As Halfstack's readership has grown so has our reach. It's amazing to see our issues and blog being read in over 30 countries now. It's amazing to know that our work is touching people's lives far and wide. The beautiful thing about Halfstack is that we are an incredibly diverse team with writers, photographers and designers from all walks of life and all kinds of different backgrounds and cultures. Diversity is one of the driving factors behind why I launched this publication 4 years ago. I didn’t see enough diversity in the publications I was reading. Many of those publications were also solely focusing on issues that were only skin-deep. I wanted to go beyond that; I wanted to showcase different ideas, lifestyles, art, music, interesting people and creativity that wasn’t a part of the status quo.

As we lead into Fourth of July, I can't help but reflect on the idea that as we celebrate our freedoms, many Americans are also finishing up celebrating Ramadan. To me, that is a beautiful idea. The idea that America is the land of the free and it’s a beautiful melting pot of cultures that make up our national population. A place where people are free to speak their mind, love who they want and practice whatever religion they choose without fear of repercussion. I know it's not perfect and we still have many issues, but we are going in the right direction. I am proud of that and I hope that I can continue to expose my children to the different cultures, religions and people of the world.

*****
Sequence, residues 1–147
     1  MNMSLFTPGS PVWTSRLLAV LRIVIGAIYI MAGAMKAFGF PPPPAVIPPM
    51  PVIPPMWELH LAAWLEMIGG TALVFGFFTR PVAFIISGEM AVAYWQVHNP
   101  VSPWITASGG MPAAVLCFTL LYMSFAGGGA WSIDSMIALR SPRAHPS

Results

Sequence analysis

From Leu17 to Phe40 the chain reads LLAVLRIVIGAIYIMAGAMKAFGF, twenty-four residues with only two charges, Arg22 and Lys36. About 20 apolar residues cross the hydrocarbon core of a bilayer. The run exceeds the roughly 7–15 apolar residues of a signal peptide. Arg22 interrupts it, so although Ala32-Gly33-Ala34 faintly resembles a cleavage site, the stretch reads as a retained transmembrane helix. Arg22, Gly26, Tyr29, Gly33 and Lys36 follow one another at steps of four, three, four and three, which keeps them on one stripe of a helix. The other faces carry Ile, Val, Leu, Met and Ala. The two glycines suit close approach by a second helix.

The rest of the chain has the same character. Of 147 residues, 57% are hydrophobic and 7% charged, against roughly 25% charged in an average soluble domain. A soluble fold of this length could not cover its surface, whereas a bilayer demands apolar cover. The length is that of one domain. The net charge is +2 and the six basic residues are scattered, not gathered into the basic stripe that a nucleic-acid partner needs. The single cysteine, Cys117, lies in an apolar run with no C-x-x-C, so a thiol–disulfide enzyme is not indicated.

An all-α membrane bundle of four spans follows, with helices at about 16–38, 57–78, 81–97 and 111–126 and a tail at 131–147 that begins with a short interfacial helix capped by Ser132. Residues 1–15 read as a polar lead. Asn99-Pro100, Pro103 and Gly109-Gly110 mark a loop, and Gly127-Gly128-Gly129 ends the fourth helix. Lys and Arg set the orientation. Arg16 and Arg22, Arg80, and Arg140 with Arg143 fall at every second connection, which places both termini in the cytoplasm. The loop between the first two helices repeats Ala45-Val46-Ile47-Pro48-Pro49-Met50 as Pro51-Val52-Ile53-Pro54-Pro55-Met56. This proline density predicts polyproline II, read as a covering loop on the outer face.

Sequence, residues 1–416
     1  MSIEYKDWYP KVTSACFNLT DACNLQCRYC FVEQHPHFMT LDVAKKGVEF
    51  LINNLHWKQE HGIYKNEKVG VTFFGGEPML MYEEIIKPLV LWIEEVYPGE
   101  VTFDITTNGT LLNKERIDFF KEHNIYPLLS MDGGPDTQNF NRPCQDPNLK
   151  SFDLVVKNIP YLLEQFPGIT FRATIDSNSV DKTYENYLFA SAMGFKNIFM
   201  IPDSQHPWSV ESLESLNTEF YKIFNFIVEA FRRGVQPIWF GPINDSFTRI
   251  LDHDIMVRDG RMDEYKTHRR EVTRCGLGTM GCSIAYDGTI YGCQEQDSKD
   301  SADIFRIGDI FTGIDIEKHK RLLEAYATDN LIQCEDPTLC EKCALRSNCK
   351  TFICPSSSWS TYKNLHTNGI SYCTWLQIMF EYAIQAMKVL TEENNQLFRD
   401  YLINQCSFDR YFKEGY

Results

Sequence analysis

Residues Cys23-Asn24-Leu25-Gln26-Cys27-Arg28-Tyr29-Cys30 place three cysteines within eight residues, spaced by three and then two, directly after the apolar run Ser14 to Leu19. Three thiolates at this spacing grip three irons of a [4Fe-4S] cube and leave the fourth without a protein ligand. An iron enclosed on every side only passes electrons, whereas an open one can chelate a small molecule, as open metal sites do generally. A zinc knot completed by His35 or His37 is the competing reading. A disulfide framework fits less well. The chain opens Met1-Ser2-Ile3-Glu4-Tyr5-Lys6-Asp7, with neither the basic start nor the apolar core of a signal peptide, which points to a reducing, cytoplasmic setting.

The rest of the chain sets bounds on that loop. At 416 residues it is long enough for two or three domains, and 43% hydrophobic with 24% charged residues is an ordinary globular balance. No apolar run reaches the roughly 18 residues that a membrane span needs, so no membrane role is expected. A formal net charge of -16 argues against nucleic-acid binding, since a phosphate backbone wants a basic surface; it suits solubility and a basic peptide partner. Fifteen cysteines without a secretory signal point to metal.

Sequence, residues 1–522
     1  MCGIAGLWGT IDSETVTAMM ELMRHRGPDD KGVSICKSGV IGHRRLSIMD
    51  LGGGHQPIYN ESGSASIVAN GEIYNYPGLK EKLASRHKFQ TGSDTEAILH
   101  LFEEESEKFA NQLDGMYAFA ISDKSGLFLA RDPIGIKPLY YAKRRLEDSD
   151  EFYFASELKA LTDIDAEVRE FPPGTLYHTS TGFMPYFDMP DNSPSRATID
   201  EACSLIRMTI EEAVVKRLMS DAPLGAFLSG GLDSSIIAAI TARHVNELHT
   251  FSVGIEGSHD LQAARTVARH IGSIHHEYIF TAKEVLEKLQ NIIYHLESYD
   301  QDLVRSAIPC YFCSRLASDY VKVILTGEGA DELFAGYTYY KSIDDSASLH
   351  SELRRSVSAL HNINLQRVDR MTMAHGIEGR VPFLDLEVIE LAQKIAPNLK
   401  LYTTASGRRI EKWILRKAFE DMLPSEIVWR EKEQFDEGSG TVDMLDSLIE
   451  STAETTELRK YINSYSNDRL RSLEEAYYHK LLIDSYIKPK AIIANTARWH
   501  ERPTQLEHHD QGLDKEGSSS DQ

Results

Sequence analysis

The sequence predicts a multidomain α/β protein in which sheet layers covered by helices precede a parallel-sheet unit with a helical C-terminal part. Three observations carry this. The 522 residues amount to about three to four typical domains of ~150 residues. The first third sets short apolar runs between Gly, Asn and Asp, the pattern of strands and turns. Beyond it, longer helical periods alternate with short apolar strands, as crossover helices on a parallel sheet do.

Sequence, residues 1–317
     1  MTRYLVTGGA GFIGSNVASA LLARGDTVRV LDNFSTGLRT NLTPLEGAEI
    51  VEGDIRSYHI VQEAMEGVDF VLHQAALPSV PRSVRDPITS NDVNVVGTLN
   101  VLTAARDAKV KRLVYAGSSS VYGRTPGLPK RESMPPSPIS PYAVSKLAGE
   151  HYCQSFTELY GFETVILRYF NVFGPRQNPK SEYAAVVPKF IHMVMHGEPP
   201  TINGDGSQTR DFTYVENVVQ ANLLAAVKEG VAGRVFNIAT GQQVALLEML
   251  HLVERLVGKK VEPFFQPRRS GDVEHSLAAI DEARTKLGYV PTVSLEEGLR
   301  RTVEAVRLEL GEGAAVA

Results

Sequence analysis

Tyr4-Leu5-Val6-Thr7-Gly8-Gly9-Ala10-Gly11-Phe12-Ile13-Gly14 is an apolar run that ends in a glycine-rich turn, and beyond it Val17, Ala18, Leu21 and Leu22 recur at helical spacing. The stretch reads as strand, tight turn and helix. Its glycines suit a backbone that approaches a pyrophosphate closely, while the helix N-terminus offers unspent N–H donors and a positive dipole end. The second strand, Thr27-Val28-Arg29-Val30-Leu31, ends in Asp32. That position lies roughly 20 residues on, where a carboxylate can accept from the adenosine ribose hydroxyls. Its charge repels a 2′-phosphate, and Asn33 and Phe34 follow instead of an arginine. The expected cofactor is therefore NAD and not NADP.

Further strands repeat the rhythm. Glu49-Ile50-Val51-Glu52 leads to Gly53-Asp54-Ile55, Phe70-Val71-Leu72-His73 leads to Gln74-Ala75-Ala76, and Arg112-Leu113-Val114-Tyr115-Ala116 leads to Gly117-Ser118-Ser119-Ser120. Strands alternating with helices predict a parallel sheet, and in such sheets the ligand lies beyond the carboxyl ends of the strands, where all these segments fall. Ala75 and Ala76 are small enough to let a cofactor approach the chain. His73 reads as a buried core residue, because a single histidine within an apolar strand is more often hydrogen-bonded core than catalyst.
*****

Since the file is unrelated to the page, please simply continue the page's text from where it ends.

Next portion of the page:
Image: Dailymail UK

Muslims, Christians, Agnostics, Buddhists, Hindus, and all religions and people of all walks of life from Latinos to Germans to the LGBTQ community can find common ground on one idea: LOVE. We must come together and love one another. We must come together and appreciate one another. We must come together and do more than just "tolerate" and be tolerant - we must embrace our differences. I am not going to throw politics into this, but know that our decisions when it comes to who we put into power of this world is a direct reflection of the future we want. Obama once said, "Be the change you want to see in this world" and we NEED to continue to push for change. We must come together to make this world a better place.


Image: NBC5.com

The July editorial direction will feature stories that showcase diversity. Diversity in our neighborhoods, food, cultures and people. We will be focusing on interesting events, artists, and profiles of people doing wonderful things to promote diversity and showcase the beautiful city that is Chicago and how the people are working to make it better. Thank you as always for your continued support as we grow and evolve. I hope we can continue to bring you a unique perspective on the world through our creative endeavors. 

Thank you for reading -
Jen Lezan-Veguilla
Editor in Chief